Many Christians teach that it is wrong to have a tattoo, but the only verse they can actually cite is Leviticus 19:28, where God is giving instructions to His people, the Israelites: “Do not cut your bodies for the dead or put tattoo marks on yourselves.…”
In ancient cultures it was very common for followers of pagan religions to cut themselves either as an act of mourning for the dead, to display their allegiance to a pagan god, or to prove their religious zeal (Jer. 16:6; 1 Kings 18:26–28), but God condemned this act for His people. Obviously, that was for their own good, as with all God’s prohibitions. Scholarly research indicates that the Hebrew word in Leviticus 19:28 that is translated “marks” in the KJV and “tattoo marks” in the NIV is still somewhat unclear, but most versions render it as a “tattoo.”
The Church Epistles form the heart of Scripture written TO CHRISTIANS. In them, the Lord’s revelation to Paul confirms many of God’s Old Testament prohibitions, such as those regarding murdering, stealing, lying, adultery, etc. Had the Lord Jesus wanted to make it clear that tattoos are a sin for a Christian, he certainly could have, but he did not, and therefore we cannot say that they are always ungodly.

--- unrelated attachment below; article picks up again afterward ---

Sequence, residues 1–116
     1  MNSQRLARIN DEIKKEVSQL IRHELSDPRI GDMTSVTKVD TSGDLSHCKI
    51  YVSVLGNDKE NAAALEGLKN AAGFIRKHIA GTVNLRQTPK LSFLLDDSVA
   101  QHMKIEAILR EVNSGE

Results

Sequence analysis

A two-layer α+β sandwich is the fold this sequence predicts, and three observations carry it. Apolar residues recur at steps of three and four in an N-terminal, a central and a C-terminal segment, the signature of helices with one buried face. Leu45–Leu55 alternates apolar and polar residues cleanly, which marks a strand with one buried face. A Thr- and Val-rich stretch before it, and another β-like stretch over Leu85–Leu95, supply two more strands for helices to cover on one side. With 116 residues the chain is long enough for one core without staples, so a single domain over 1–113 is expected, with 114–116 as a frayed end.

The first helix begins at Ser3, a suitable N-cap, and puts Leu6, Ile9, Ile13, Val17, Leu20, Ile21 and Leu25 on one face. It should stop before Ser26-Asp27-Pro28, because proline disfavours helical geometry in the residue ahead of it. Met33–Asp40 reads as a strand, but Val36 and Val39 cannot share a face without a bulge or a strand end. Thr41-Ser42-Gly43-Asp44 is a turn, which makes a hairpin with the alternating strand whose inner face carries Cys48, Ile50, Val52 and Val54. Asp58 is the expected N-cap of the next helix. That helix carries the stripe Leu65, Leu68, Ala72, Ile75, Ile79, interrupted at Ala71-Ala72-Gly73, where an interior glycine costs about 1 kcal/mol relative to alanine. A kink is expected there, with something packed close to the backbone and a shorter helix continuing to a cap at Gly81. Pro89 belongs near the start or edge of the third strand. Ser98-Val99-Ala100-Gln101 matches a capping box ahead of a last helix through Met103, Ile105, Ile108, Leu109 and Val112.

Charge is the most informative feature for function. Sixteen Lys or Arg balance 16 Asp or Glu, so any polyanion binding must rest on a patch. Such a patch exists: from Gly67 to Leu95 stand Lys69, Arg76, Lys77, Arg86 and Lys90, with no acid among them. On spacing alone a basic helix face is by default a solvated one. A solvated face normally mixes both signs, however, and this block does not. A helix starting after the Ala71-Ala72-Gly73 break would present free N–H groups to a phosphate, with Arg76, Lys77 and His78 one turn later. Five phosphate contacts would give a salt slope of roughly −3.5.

However, we do have many other Bible verses to help us determine whether or not a tattoo brings glory to God or to the Adversary, or whether it is simply a harmless personal expression, such as, “Broccoli Rocks!” Suppose it is a tattoo of a serpent, with the words, “Long Live Lucifer”? You get the point: what the tattoo is may make it very clear as to whether or not is ungodly. What if you got a devilish tattoo before you got saved? You could have it removed or cover it up with another one, or you could let it remind you of Christ’s deliverance in your life.
What about one’s motive in getting a tattoo? That would also factor in. Many Christians have a Bible verse or reference on their arms, so perhaps their motive is to spread the Word. I suppose there are “Christian” tattoo artists who refuse to do satanic symbols, etc., so if you are set on getting a pink raccoon or a Scripture verse tattoo, you’re probably better off to find someone like that to do it for you rather than someone who has “I love Satan” emblazoned on his forehead.
The bottom line is that there is no prohibition of tattoos for Christians, and therefore we cannot presume to legislate against them, no matter what we think of them ourselves. On the other hand, if you are planning to get a tattoo, you better be darn sure that you stay married to “Rosie” or that you are OK with becoming a lifeguard after you get a giant picture of the Three Stooges covering your entire back.
It is interesting that in Isaiah 49:16, in the context of God promising not to forget His people, Israel, He says: “…I have engraved you on the palms of my hands…” so that you are always before me. Ouch! Although that is figurative language, it vividly shows us God’s commitment to caring for all those who look to Him.